Has My Asthma Been Caused by My Work?

Posted on: 2 mins read
Deborah Krelle

Partner, Head of Industrial Disease

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It’s thought that around one in ten cases of asthma in UK adults are caused by work-related factors.

Occupational asthma is asthma that’s caused directly by the work that you do. And there are also people with constitutional asthma whose condition has been made worse by their job, which is known as work aggravated asthma.

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How Do I Know if My Asthma Has Been Caused by My Work?

It can be hard to tell if your asthma is due to your work or not, but you may see a pattern to your symptoms. For instance, they may ease on your days off or whilst you are on annual leave. Take a look at the type of work that you’re doing and the substances that you’re working with to see if there’s anything that that may be capable of causing asthma.

You may wish to ask your GP for patch testing to see if there is any sensitivity to the alleged exposures at work.

If you’re suffering with asthma-type symptoms and you think these may be a result of exposure to substances at your work, then call our Industrial Disease Solicitors for free legal advice. We may be able to deal with your asthma claim on a No Win, No Fee basis – ask us for details.

What Causes Occupational Asthma?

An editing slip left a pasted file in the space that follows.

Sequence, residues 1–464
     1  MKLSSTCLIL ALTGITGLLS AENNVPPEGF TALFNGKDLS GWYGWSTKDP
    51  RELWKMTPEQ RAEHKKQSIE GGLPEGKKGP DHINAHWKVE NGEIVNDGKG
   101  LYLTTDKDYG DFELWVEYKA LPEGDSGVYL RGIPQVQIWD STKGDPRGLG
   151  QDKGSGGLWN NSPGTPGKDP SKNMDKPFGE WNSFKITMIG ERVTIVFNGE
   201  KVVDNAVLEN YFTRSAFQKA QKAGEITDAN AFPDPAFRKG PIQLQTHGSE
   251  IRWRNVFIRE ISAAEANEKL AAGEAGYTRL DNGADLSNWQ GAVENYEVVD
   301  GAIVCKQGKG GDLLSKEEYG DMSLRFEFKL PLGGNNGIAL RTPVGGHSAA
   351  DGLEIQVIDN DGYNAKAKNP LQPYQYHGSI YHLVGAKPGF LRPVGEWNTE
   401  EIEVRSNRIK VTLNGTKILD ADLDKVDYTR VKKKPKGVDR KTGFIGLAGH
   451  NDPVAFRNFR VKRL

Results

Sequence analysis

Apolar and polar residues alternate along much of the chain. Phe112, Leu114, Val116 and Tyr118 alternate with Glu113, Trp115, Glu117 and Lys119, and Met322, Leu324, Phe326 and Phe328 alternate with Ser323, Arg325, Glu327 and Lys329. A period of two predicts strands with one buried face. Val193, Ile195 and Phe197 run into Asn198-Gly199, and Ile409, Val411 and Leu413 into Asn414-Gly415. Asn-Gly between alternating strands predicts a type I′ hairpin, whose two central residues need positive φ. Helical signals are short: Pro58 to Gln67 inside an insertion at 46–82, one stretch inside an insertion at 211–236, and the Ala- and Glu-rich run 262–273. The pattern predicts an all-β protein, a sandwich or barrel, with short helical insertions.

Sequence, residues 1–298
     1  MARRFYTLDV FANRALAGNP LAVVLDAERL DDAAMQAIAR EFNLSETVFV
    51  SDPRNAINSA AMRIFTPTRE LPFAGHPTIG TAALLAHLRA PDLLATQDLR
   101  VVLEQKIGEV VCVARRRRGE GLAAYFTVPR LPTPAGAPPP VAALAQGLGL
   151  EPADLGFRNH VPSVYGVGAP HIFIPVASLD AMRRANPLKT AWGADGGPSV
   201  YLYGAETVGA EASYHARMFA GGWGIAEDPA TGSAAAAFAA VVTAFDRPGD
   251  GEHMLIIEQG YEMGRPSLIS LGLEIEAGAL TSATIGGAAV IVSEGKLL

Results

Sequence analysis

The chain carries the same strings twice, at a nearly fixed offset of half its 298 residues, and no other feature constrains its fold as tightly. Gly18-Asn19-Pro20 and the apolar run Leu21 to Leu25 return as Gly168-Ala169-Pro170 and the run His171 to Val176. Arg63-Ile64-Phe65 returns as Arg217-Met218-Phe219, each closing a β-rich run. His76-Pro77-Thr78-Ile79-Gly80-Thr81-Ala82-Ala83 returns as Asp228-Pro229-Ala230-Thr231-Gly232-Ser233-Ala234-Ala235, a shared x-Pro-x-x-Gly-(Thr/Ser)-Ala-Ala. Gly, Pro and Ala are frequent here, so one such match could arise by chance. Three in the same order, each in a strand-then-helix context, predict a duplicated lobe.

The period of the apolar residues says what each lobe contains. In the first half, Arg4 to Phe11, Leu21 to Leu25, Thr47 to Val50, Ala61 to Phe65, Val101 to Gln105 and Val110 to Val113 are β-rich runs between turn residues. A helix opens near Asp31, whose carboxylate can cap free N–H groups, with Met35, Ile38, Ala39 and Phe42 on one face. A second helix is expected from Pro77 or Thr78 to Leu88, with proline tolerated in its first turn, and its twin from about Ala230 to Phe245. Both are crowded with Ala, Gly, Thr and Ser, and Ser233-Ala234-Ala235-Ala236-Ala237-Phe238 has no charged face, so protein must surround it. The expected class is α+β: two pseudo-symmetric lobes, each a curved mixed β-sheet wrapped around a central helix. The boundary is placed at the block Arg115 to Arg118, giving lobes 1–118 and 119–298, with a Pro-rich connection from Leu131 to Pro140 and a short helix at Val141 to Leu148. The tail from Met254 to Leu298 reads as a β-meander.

Allergic occupational asthma is the most common type of work-related asthma and is triggered by exposure to asthmagens in the workplace. These cause changes in your airways, making them hypersensitive and then triggering a reaction in those airways. It does take a while for your immune system to become sensitised, so you may have been working for weeks or many months before you begin to have symptoms.

Examples of Workplace Substances Causing Occupational Asthma are:

  • Isocyanates – found in paint spraying (typically in 2-pack paints)
  • Flour dust in bakeries and flour mills
  • Wood dust in joinery and furniture industries
  • Animal aeroallergens from working with animals
  • Metal working fluids in engineering.

What is Asthma?

Asthma is a condition that affects your airways, the small tubes that carry the air in and out of the lungs. The symptoms caused by the narrowing of these airways make breathing difficult and result in wheezing, coughing and/or a tightness of the chest.

Asthma may be a constitutional condition, occurring without any external cause and simply because of genetic factors. Indeed, you may think of asthma as a condition that starts in childhood. However, it’s also quite common for people to be diagnosed with asthma for the first time in adulthood - this is known as late onset asthma.

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